genetic research.
<http://jme.bmjjournals.com/cgi/content/full/31/4/242#R3>) In this paper
I shall neither follow nor consider what other commentators have made of
this idea but attempt a rigorous analysis of the meaning of the concepts
involved. We should note at the outset that what is or is not in a
particular individual's interests is an objective matter. While subjects
have a special role to play in determining this, we know that human
beings are apt to act against their own interests. Indeed the idea of
respect for persons which underpins this guideline has two clear and
sometimes incompatible elements, namely, concern for welfare and respect
for autonomy. Because people often have self harming preferences
(smoking, drug abuse, selfless altruism, etc) they are sometimes bad
judges of their interests.

The interests of the subject cannot be paramount nor can they
automatically take precedence over other interests of comparable moral
significance. Such a claim involves a straightforward mistake: being or
becoming a research subject is not the sort of thing that could
conceivably augment either someone's moral claims or, for that matter,
her rights. All people are morally important and, with respect to one
another, each has a claim to equal consideration. No one has a claim to
overriding consideration. To say that the interests of the subject must
take precedence over those of others, if it means anything, must be
understood as a way of reasserting that a researcher's narrowly
conceived professional interests must not have primacy over the human
rights of research subjects. (The researcher may also have specific
contractual duties to them.) As a general remark about the obligations
of the research community, the health care system, society or indeed of
the world community, it is not, however, sustainable.

This is not of course to say that human rights are vulnerable to the
interests of society whenever these can be demonstrated to be greater.
On the contrary, it is to say that the rights and interests of research
subjects are just the rights and interests of persons and must be
balanced against comparable rights and interests of other persons. In
the case of medical research the contrast is not between vulnerable
individuals on the one hand and an abstract entity such as "society" on
the other, but rather between two different groups of vulnerable
individuals. The rights and interests of research subjects are surely
not served by privileging them at the expense of the rights and
interests of those who will benefit from research. Both these groups are
potentially vulnerable, neither is obviously prima facie more vulnerable
or deserving of special protection.

It is important to emphasise that the point here is not that there is
some general incoherence in the idea of sometimes privileging the rights
and interests of particularly vulnerable groups in order to guarantee to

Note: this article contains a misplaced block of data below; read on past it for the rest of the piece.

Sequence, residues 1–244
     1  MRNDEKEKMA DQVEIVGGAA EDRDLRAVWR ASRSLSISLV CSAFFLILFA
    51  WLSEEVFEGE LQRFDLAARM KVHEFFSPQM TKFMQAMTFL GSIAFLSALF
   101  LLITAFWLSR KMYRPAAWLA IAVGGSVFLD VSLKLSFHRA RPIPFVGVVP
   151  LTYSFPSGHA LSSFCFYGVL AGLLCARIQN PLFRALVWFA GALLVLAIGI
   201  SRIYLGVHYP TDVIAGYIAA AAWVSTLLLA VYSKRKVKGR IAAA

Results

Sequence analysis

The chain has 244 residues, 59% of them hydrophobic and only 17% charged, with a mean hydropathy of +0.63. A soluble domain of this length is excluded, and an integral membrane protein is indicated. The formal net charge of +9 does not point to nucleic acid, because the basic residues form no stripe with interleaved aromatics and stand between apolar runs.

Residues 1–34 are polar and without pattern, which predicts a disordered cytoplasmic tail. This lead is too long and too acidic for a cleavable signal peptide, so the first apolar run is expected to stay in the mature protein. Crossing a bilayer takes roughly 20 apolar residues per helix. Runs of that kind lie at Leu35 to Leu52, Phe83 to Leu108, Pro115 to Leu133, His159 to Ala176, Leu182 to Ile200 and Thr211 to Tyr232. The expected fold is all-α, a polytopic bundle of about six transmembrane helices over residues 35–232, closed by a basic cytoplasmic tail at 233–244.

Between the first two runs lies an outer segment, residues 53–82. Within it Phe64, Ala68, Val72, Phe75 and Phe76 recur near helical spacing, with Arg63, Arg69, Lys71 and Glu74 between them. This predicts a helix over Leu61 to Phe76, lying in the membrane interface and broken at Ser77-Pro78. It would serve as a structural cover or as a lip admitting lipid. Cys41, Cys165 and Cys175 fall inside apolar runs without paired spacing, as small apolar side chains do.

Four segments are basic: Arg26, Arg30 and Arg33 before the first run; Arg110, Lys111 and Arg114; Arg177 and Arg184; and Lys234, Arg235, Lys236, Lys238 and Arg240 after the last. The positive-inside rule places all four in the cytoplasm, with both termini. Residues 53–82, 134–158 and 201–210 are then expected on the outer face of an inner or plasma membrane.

them the equal protection that they need and to which they are entitled.
Rather I am suggesting two things. The first is that all people have
equal rights and entitlement to equal consideration of interests. The
second is that any derogation from a principle as fundamental as that of
equality must be justified by especially powerful considerations.

Finally, although what is or is not in someone's interests is an
objective matter about which the subject her (or him) self may be
mistaken, it is usually the best policy to let people define and
determine "their own interests". While it is if course possible that
people will misunderstand their own interests and even act against them,
it is surely more likely that people will understand their own interests
best. It is also more respectful of research subjects for us to assume
that this is the case unless there are powerful reasons for not so
doing-for example, in cases of research on young children, mental
patients, and others whom it is reasonable to assume may not be
adequately competent.

It is widely recognised that there is clearly sometimes an obligation to
make sacrifices for the community or an entitlement of the community to
go so far as to deny autonomy and even violate bodily integrity in the
public interest and this obligation is recognised in a number of ways.
26 <http://jme.bmjjournals.com/cgi/content/full/31/4/242#R26>

There are a perhaps surprisingly large number of cases where we accept
substantial degrees of compulsion or coercion in the interests of those
coerced and in the public interest. Numerous examples can be given:
limiting access to dangerous or addictive drugs or substances; control
of road traffic, including compulsory wearing of car seat belts;
vaccination as a requirement-for example, for school attendance or
travel; screening or diagnostic tests for pregnant mothers or for
newborns; genetic profiling for those suspected of crimes; quarantine
for some serious communicable diseases; compulsory military service;
detention under mental health acts; safety guidelines for certain
professional activities of HIV positive people, and compulsory
attendance for jury service at criminal trials. Some societies make
voting compulsory, taxation is omnipresent, universal education for
children, requiring as it does compulsory attendance in school, is